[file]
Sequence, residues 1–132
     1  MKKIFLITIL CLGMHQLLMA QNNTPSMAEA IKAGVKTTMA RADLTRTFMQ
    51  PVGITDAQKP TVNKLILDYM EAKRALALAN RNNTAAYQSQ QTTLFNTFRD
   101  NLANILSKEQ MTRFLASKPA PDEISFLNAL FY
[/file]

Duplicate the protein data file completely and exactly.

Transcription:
Sequence, residues 1–132
     1  MKKIFLITIL CLGMHQLLMA QNNTPSMAEA IKAGVKTTMA RADLTRTFMQ
    51  PVGITDAQKP TVNKLILDYM EAKRALALAN RNNTAAYQSQ QTTLFNTFRD
   101  NLANILSKEQ MTRFLASKPA PDEISFLNAL FY